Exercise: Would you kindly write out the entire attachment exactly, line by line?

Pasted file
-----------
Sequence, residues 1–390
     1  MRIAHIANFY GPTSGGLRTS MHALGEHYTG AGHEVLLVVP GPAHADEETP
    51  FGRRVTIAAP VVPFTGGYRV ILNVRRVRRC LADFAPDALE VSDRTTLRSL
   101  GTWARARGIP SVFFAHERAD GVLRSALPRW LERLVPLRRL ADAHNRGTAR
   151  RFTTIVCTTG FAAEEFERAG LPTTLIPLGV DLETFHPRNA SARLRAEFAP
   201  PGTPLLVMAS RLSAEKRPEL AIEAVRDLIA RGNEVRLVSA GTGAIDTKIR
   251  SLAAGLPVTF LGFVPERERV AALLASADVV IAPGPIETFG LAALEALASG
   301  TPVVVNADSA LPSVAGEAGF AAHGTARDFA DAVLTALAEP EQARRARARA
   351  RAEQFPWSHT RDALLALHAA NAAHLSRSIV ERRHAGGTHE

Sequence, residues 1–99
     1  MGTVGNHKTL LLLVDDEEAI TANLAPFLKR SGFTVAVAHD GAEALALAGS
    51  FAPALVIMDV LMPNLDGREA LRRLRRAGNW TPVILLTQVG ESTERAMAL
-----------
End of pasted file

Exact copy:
Sequence, residues 1–390
     1  MRIAHIANFY GPTSGGLRTS MHALGEHYTG AGHEVLLVVP GPAHADEETP
    51  FGRRVTIAAP VVPFTGGYRV ILNVRRVRRC LADFAPDALE VSDRTTLRSL
   101  GTWARARGIP SVFFAHERAD GVLRSALPRW LERLVPLRRL ADAHNRGTAR
   151  RFTTIVCTTG FAAEEFERAG LPTTLIPLGV DLETFHPRNA SARLRAEFAP
   201  PGTPLLVMAS RLSAEKRPEL AIEAVRDLIA RGNEVRLVSA GTGAIDTKIR
   251  SLAAGLPVTF LGFVPERERV AALLASADVV IAPGPIETFG LAALEALASG
   301  TPVVVNADSA LPSVAGEAGF AAHGTARDFA DAVLTALAEP EQARRARARA
   351  RAEQFPWSHT RDALLALHAA NAAHLSRSIV ERRHAGGTHE

Sequence, residues 1–99
     1  MGTVGNHKTL LLLVDDEEAI TANLAPFLKR SGFTVAVAHD GAEALALAGS
    51  FAPALVIMDV LMPNLDGREA LRRLRRAGNW TPVILLTQVG ESTERAMAL